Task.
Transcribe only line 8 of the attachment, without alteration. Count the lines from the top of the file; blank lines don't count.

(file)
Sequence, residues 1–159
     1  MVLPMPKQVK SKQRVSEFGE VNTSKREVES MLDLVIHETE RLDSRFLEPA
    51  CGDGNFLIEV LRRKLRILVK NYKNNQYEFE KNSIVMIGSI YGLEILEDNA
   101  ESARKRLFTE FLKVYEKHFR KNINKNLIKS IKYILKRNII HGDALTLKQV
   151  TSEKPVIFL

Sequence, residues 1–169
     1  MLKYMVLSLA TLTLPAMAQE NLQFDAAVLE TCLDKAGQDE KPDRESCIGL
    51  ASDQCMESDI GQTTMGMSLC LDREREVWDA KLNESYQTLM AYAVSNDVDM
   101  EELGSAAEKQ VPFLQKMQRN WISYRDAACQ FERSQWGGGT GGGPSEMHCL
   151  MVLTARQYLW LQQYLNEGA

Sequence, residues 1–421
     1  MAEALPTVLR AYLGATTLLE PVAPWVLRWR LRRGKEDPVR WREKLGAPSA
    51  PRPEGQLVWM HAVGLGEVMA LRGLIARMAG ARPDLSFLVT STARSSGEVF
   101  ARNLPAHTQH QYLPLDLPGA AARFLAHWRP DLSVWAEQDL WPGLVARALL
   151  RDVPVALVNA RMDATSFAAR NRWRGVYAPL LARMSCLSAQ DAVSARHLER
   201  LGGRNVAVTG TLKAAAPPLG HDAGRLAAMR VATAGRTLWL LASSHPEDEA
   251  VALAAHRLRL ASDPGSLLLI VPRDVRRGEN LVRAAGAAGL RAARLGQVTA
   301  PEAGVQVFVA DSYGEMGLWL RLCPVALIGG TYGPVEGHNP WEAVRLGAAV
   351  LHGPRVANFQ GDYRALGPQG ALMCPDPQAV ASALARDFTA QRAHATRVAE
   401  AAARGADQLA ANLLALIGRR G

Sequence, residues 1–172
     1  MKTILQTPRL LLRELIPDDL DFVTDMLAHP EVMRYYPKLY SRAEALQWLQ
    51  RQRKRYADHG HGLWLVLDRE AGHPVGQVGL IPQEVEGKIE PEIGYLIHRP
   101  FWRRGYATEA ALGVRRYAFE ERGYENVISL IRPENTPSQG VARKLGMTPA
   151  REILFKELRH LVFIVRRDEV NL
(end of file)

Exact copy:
    51  ASDQCMESDI GQTTMGMSLC LDREREVWDA KLNESYQTLM AYAVSNDVDM